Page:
Dunlop 2012 US Made GP211-A DOT race tire test

//Dunlop 2012 US Made GP211-A DOT race tire test

Dunlop 2012 US Made GP211-A DOT race tire test

2012 Dunlop 211 GP-A tire test at Thunderhill Raceway Park



Ambient temps 80F with track temps at 105F

Cold pressures 20psi rear 30psi front

Tires provided by For the Track LLC: ( /


* Medium plus front 120/170 x 17

* Rear  new for 2012: 190/60 x 17



Bike: 09 Yamaha R1


Bike settings:

Forks: 08 R1 with Ohlns 25mm fork cartridges

Shock: Yacugar race shock



Fork height at +4mm

Fork preload 6 turns in (1.0kg springs)

Fork rebound 14 clicks out

Fork compression 5 clicks out


Yacugar race shock at 295mm

Preload at 4.5 lines (11kg spring)

High speed compression at 21 clicks out

Low speed compression at 18 clicks out

Rebound at 32 clicks out


Gearing: one tooth down on the countershaft sprocket, stock chain



Session 1:

–       scrub in tires (cold, no tire warmers)

–       assess geometry and chassis

  • lots of feedback immediately from the hard carcass tires
  • front gain of 5psi rear gain of 4psi hot off the track
  • excellent stability under braking with little sidewall deflection
  • excellent drive grip off fast corners
  • suspension constantly working – more compression needed
  • too much rear weight bias forward effecting braking performance from excessive weight transfer.

Given the braking stability and acceleration grip the cold pressure was a good starting point. A chassis and suspension change was required immediately.



Add 3 turns of rear ride height 1.5 turns of rear ride height to raise the rear of the bike the a little to assess the effect on geometry and the weight transfer between braking and accelerating.



–       preload unchanged

–       high speed compression to 18

–       low speed compression to 14



Session 2:

–       brake hard in turns 9 and 14 to assess weight transfer

  • uphill braking in Turn 9 excellent
  • downhill braking in Turn 14 improved but still too much weight transfer from the rear
  • bike transitioned much easier in T3,4 and T11, 12, 13


The rear ride height change validated the need to raise the back of the bike but in so doing the weight transfer problem was not fixed.



–       add 3 turns of rear preload to the shock

–       high speed compression 14

–       low speed compression 12



Session 3:

–       assess turn in on high speed turns 1 and 8

–       assess braking in Turn 14

  • much more precise turn in at high speed corners with gentle pressure needed on the bar to initiate rather than waiting for the weight transfer to occur and then turning in
  • downhill braking was as hard as I liked rather than manage braking



–       shock rebound to 38

–       high speed compression to 13

–       low speed compression to 10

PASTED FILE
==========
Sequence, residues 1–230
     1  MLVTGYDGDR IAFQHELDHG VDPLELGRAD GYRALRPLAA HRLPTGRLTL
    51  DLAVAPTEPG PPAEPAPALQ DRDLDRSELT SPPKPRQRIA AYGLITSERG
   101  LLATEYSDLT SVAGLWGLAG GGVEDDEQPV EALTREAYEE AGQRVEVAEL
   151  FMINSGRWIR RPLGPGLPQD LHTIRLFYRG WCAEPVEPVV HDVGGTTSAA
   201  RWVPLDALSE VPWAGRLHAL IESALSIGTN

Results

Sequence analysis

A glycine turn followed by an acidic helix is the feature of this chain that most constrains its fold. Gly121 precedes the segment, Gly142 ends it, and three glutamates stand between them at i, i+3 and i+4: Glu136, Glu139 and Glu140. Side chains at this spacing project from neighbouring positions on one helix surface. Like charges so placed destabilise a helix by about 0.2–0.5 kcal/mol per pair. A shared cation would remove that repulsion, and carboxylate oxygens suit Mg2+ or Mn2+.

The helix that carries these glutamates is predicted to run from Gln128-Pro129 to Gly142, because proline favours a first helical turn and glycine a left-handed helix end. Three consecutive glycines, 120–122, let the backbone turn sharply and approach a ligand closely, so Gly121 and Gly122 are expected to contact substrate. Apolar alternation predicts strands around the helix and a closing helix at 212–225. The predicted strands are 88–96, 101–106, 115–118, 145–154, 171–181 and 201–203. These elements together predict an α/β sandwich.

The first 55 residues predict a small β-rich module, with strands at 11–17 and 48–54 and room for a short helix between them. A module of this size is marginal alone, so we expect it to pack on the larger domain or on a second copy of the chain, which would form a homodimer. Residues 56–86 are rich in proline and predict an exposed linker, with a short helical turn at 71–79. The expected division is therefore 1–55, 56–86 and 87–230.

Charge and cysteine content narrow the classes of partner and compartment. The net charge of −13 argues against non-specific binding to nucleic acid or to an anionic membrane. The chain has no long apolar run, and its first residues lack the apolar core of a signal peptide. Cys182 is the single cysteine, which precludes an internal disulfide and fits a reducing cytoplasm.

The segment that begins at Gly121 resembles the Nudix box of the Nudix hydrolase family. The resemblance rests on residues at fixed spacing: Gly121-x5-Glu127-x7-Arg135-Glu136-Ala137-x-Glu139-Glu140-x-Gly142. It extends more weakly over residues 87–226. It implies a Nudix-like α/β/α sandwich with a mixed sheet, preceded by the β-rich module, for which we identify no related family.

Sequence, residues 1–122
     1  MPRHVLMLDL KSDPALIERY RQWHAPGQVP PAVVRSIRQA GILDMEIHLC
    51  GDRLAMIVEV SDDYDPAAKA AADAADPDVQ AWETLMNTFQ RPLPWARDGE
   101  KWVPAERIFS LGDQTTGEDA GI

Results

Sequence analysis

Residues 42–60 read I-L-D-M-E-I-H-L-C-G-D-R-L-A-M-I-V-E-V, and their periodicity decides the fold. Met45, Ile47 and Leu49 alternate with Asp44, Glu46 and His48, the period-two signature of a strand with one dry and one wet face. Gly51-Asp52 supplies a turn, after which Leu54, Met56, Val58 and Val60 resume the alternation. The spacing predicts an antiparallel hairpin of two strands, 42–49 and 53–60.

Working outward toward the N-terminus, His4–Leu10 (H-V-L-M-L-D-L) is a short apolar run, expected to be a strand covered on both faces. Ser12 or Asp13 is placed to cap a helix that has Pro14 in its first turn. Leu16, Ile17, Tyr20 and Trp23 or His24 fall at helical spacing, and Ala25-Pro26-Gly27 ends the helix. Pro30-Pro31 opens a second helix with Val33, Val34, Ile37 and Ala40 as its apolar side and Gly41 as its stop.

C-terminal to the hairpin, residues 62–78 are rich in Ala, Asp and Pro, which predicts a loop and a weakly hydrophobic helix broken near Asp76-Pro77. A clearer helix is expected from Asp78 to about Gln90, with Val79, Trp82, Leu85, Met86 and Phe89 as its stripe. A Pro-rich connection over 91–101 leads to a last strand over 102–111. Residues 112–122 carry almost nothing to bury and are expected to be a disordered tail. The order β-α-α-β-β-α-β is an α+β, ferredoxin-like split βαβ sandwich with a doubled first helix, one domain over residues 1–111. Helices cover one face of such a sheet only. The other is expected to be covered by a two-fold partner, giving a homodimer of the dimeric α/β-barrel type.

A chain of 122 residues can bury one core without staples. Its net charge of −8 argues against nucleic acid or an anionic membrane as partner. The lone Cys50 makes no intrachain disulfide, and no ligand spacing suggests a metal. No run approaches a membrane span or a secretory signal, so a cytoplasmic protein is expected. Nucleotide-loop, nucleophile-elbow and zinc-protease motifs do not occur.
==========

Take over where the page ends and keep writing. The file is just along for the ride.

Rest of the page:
–       rebound to 38

–       remove 2 turns of preload on the front forks



Session 4:

–       assess turn in on T3 and T5

  • turn in was not effected by the rebound change in slowing down the weight transfer in the slow technical corners
  • the bike would still flick into the corner with even bar pressure rather than more positive “snap turn” pressure (I prefer to control the bike’s pat not manage it).

We were experiencing poor tire wear on the front tire and raised the hot pressure to 36 psi. Excessive wear was also evident on the rear tire, so we took the rear tire off and ran it in the opposite direction. We increased the hot pressure to 26psi.


NOTE: only the 2012 US GP-A is reversible


Final settings:


Fork height at +4mm

Fork preload 4 turns in (1.0kg springs)

Fork rebound 14 clicks out

Fork compression 5 clicks out


Yacugar race shock at 298mm

Preload at 4.5 lines (11kg spring)

High speed compression at 13 clicks out

Low speed compression at 15 clicks out

Rebound at 38 clicks out


As you will see from the photos at the end of the day, the tires cleaned up perfectly in the rear and the front improved slightly suggesting a geometry change of 2mm to take weight off the tire (ie: raise the front end).

You will also notice that the tire is well below the wear marker. I did feel the grip going away at that point but there was no sudden slide or snap out from underneath you on braking or accelerating. Certainly a big step up with the front tire and a much better and more durable rear tire for this years AMA spec tire.




–       tires need to be on the warmers for 45 minutes first thing in the morning

–       great braking stability in the front tire under hard braking

–       lots of feed back from both ends of the bike which I like

–       great acceleration grip off the fast corners at significant lean angles

–       hot pressures set at 34psi front and 24psi rear off the warmers. You should experience a 2psi gain from that point after 4 laps.


The tires are very sensitive to chassis geometry and hot pressure so spend all your time on geometry initially before then moving on to suspension changes! Take as long as it takes to get the chassis right! Otherwise you will burn up the rear tire in 20 minutes.



Tire wear pictures:


NOTE: – the slight pressure tear on the tire due to initial under inflation that is healing

By | 2018-01-27T18:42:24+00:00 January 4th, 2018|Categories: Tires|0 Comments

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